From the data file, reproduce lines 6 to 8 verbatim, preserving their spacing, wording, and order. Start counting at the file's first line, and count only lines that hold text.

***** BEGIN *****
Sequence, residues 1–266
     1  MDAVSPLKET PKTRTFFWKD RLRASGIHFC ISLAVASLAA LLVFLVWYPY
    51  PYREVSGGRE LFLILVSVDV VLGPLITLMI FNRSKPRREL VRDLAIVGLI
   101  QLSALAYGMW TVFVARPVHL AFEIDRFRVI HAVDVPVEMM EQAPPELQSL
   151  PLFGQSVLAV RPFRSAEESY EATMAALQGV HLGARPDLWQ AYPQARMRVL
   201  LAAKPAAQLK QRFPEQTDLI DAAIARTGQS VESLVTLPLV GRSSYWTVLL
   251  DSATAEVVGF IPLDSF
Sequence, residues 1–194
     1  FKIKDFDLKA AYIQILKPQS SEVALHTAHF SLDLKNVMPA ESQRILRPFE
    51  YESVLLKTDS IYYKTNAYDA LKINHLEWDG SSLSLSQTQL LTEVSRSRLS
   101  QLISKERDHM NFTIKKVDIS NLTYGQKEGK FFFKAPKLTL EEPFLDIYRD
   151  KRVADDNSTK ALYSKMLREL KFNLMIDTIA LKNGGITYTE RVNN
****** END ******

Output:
   201  LAAKPAAQLK QRFPEQTDLI DAAIARTGQS VESLVTLPLV GRSSYWTVLL
   251  DSATAEVVGF IPLDSF
Sequence, residues 1–194